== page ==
There is no study to establish a correlation between the duration of thumb-sucking and a baby’s temperament or personality traits in life. However, in adolescence, a traumatic incident could induce this behavior. In addition, changes in sleeping patterns and being withdrawn are also observed (15). In this situation, providing extra attention and encouraging them to speak their feelings is important.

4. Are there any gender differences in the prevalence of thumb-sucking in babies, and if so, why?

Limited research indicates contradictory inferences about gender differences in thumb-sucking prevalence in babies. For instance, a cross-sectional study indicated thumb sucking has a higher prevalence rate (13.5%) in boys in the 3-5 year age range compared to girls (16). However, small-scale research from Cameroon indicates that thumb sucking may be more prevalent in girls (17). More research needs to be done to establish a clearer gender predilection.

Baby sucking thumb is a common reflex and seldom an alarming concern. If your baby does not quit this habit by age four, they are likely to give up on it before turning 14. Although the habit is commonly seen from infancy to toddlerhood, if you notice your baby sucking their thumb beyond age four, you may need to step in and help them get overcome the habit. You could also try using a pacifier or gently removing their thumb from their mouth by distracting them to prevent bruises on the thumb or misaligned teeth. Staying mindful of the triggers that can cause them to suck on their thumbs may help your baby avoid thumb sucking.

Infographic: Tips To Stop Thumbsucking In Babies

Thumbsucking is a common habit among most babies. However, this can lead to several potential problems, including dental malformations in the long term. The infographic below includes some dos and don’ts a parent should know when trying to stop the habit of thumbsucking in their little one. Save and share it with other parents too.

dos and donts for stopping babys thumbsucking (infographic)

Illustration: Momjunction Design Team

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Key Pointers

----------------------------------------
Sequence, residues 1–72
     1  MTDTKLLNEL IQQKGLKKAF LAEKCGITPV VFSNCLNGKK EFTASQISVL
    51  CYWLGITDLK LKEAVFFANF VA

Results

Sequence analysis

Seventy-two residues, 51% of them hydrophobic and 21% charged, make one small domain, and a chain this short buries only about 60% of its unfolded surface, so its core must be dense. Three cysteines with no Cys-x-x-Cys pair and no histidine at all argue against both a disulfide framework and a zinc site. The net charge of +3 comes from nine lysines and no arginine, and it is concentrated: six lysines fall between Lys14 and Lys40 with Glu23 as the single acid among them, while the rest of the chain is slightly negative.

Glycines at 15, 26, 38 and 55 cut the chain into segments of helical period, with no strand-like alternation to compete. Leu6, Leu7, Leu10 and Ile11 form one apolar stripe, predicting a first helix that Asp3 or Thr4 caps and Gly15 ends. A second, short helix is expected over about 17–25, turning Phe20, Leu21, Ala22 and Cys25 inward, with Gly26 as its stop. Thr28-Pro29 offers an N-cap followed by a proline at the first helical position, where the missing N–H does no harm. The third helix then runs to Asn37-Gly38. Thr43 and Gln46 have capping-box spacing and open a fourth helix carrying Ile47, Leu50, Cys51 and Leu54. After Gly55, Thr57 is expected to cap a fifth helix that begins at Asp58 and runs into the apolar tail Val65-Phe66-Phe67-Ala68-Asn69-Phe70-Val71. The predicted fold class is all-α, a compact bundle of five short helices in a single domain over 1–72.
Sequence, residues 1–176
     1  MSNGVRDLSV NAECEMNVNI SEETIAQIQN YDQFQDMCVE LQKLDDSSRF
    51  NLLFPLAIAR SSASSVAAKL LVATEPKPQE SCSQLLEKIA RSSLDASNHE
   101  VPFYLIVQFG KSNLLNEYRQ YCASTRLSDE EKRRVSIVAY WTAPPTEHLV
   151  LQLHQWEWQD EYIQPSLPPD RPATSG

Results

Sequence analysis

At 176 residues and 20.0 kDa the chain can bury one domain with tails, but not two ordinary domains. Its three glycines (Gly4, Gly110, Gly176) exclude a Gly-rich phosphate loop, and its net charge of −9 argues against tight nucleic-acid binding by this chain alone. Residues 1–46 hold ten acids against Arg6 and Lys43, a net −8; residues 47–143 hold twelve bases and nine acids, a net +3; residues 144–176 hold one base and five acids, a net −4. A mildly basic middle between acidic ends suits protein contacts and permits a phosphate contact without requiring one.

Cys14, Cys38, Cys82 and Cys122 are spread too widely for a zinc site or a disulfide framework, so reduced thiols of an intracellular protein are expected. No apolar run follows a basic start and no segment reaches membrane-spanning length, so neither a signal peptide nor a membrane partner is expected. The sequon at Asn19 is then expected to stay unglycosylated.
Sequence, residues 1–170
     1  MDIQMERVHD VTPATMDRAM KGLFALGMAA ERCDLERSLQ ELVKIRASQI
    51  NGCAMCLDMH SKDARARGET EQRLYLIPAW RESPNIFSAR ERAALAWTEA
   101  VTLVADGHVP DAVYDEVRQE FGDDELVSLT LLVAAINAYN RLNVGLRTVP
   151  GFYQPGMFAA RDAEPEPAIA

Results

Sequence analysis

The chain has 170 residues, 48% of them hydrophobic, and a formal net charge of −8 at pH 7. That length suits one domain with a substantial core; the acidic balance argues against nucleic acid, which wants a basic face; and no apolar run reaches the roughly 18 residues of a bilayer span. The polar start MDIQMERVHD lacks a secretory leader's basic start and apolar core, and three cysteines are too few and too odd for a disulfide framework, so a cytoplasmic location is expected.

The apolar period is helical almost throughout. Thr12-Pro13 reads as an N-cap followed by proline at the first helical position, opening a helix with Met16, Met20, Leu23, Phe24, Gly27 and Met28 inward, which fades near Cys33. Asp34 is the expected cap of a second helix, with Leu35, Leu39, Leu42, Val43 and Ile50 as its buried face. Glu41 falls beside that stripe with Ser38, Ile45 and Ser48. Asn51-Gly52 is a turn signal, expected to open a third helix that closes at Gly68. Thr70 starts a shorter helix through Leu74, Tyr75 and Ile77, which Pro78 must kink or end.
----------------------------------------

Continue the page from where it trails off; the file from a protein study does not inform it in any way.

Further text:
• Babies relieve stress by sucking their thumbs when tired, hungry, bored, sick, or upset.
  • Excessive thumb sucking can affect the baby’s dental health and finger development and may cause skin and nail infections.
  • Dental problems such as misalignment, overbite, overjet, and crossbite may arise if a child continues thumb-sucking after age five.
  • To divert the baby from thumb-sucking, identify triggers, provide gentle reminders or distractions, or offer a pacifier.
  • Visit a pediatrician if the child continues thumb-sucking even after the age of four.
baby sucking thumb_illustration

Image: Dall·E/MomJunction Design Team

Learn about ways with the help of which you can help your child stop sucking their thumb, with guidance and tips from a professional doctor, in this video.

Personal Experience: Source


MomJunction's articles are written after analyzing the research works of expert authors and institutions. Our references consist of resources established by authorities in their respective fields. You can learn more about the authenticity of the information we present in our editorial policy.
  1. Thumbsucking and Pacifier Use.
  2. Thumbsucking.
  3. Three-Alarm System: Revisited to treat Thumb-sucking Habit
  4. Thumb-Sucking: When Should Parents Intervene?.
  5. Acute and Chronic Paronychia.
  6. Herpes simplex.
  7. Dystrophic calcinosis in a child with a thumb sucking habit: case report.
  8. Six Different Kinds of Overbites.
  9. Anatomy and Development of the Mouth and Teeth.
  10. Thumb sucking and pacifier use.
  11. Reduce the Risk of SIDS & Suffocation.
  12. Pacifiers: Satisfying Your Baby’s Needs.
  13. Thumb sucking.
  14. Breaking Your Child’s Thumb Sucking Habit.
  15. Helping Your Child Heal From Trauma
  16. Thumb Sucking‘child hiding behind his thumb’- Multirooted approach and management- A Review
  17. Morphological and functional abnormalities of the orofacial sphere associated with thumb sucking in children aged 3 to 10 years old in Yaounde, Cameroon